A 27-year-old woman was admitted because of pain radiating through her back on neck flexion that had begun a month ago. She frequently ate raw beef liver. General physical examination revealed no abnormal findings, but she showed Lhermitte's sign neurologically. Fecal examination revealed no worm eggs. Blood cell counts showed mild eosinophilia (8.2%). The IgE level was mildly increased to 397IU/ml (normal<250). Cerebrospinal fluid examination showed 7 cells/μl with 50% eosinophils. A test for anti-Ascaris suum IgG antibody was strongly positive in serum as well as in cerebrospinal fluid. Cervical MRI showed high-intensity areas in the spinal cord extending from the lower medulla to the C4 spine level on the T2-weighted images, and part of the lesion at the C3 spine level was enhanced by gadolinium. Treatment with albendazole 500 mg/day for six weeks ameliorated the Lhermitte's sign and MRI lesions, and reduced the anti-Ascaris suum antibody titers in the serum and cerebrospinal fluid. Larva migrans of Ascaris suum involving the central nervous system is considered to be extremely rare. but such cases showing mild neurologic impairment without systemic symptoms may have been overlooked.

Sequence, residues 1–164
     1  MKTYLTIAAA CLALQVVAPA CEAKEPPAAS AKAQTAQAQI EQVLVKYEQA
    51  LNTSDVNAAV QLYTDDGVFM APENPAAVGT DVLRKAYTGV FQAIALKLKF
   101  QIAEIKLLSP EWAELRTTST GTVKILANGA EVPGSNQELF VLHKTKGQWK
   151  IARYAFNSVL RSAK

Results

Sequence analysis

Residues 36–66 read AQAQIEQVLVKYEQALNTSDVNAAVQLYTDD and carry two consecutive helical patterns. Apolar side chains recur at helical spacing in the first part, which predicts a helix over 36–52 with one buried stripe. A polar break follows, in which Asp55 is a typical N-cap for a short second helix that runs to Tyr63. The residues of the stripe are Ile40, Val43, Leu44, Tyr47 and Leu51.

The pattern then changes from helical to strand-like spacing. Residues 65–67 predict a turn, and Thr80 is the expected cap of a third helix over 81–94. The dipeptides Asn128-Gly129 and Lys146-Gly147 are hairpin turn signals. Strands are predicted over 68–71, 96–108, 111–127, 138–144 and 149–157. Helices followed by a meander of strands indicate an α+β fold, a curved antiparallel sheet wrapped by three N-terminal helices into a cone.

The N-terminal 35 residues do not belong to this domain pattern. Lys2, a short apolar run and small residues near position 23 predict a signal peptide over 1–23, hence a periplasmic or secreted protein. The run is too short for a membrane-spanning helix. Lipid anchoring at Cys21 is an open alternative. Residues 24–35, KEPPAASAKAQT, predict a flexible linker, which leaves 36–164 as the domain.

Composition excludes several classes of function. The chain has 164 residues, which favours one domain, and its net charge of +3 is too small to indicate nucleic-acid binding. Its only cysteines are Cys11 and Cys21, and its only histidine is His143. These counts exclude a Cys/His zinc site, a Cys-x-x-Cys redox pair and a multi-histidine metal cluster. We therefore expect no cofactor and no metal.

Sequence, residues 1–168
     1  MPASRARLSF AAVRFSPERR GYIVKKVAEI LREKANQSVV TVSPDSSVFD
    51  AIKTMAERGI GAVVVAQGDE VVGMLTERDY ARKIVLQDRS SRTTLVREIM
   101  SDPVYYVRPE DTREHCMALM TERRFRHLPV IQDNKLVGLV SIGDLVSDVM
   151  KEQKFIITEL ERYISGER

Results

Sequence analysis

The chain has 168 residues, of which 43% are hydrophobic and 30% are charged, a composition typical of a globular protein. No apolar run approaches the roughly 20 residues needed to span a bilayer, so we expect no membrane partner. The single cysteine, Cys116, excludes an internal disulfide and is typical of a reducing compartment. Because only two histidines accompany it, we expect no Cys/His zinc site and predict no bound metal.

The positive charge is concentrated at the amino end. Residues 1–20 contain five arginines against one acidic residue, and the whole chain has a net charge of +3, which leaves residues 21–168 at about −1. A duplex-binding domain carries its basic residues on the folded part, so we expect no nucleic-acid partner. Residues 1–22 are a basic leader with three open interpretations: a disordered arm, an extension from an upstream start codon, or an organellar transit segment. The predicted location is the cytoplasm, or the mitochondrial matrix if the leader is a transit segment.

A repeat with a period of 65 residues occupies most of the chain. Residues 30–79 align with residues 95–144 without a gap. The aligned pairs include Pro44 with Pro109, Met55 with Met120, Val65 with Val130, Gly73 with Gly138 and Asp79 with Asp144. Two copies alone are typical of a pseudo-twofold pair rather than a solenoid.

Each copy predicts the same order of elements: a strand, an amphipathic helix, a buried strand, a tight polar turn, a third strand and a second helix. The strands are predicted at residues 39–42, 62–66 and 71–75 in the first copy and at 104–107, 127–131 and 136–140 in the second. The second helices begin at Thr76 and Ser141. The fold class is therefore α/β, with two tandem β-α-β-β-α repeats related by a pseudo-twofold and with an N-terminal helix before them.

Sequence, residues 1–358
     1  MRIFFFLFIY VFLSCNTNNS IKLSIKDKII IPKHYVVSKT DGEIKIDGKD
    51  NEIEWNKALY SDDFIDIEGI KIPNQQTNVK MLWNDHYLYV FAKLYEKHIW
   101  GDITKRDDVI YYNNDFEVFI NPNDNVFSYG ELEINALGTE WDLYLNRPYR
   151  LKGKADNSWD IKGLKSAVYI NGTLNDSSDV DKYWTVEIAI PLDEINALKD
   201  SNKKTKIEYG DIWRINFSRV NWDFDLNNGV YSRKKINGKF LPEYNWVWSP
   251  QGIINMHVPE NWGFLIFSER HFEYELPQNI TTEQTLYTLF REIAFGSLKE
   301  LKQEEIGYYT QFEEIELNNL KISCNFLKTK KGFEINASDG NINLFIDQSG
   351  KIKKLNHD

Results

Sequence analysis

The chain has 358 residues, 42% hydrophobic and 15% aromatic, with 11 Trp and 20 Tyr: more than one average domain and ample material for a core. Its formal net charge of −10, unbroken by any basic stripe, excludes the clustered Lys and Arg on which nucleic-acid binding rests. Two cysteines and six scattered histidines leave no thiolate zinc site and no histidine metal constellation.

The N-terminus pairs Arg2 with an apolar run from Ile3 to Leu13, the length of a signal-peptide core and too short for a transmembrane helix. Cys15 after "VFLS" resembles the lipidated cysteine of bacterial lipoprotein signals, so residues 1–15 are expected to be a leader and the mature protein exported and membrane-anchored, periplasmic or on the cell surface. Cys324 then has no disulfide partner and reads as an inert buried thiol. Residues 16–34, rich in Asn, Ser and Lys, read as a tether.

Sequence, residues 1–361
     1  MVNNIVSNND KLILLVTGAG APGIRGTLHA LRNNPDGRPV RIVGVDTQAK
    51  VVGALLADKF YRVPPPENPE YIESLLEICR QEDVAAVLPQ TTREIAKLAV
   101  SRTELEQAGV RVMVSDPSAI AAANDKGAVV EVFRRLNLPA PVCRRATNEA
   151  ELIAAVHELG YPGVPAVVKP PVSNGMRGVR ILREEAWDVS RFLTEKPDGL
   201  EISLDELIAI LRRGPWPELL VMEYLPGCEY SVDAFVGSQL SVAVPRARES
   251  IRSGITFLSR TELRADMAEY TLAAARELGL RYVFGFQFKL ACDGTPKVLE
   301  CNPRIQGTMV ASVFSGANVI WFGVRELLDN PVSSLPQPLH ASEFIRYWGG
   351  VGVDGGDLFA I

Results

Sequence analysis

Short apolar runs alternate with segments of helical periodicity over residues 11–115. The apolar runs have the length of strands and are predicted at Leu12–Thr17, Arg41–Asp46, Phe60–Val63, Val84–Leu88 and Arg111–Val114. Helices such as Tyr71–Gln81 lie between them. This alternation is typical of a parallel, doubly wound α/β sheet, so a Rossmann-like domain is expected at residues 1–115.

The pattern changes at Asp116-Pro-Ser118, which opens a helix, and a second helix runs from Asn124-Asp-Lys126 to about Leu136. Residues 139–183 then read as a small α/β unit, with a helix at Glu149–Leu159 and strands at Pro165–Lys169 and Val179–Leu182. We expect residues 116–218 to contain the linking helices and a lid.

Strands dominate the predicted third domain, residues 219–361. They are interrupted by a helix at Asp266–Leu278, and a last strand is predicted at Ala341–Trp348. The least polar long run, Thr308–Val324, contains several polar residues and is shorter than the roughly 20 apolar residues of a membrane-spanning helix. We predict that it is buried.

|Number of pages||4|
|Publication status||Published - 2001|
All Science Journal Classification (ASJC) codes
- Clinical Neurology